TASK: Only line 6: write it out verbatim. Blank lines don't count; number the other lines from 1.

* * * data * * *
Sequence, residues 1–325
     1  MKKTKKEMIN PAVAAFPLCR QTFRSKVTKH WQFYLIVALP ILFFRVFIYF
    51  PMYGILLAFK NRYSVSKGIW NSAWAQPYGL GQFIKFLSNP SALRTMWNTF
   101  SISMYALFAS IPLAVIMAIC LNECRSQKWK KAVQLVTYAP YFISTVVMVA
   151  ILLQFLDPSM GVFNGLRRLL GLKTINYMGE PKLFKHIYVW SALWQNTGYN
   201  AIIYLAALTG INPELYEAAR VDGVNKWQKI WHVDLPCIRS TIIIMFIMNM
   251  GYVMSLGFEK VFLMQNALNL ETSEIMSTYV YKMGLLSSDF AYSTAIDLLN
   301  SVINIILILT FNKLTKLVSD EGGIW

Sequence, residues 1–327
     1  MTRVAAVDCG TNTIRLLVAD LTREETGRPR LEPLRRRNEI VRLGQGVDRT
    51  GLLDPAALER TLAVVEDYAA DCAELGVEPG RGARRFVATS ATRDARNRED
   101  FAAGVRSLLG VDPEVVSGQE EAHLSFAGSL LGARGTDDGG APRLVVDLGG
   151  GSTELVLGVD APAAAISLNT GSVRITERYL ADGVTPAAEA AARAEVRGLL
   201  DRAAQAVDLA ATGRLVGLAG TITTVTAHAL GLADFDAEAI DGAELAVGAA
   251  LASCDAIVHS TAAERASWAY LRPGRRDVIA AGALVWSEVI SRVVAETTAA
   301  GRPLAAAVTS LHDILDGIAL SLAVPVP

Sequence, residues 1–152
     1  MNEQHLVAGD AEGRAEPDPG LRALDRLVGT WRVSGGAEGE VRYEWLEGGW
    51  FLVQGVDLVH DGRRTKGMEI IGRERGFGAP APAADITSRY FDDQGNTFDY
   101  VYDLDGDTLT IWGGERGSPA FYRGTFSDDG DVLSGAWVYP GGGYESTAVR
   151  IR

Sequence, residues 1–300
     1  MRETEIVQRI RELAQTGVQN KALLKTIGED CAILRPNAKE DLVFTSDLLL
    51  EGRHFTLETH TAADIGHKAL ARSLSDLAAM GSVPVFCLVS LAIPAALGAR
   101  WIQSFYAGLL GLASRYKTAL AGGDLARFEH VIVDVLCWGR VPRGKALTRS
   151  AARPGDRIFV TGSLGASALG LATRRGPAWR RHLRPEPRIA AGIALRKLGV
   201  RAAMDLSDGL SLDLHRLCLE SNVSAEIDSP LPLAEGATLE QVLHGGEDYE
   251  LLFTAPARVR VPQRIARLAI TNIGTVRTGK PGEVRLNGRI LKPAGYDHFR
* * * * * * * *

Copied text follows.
   201  AIIYLAALTG INPELYEAAR VDGVNKWQKI WHVDLPCIRS TIIIMFIMNM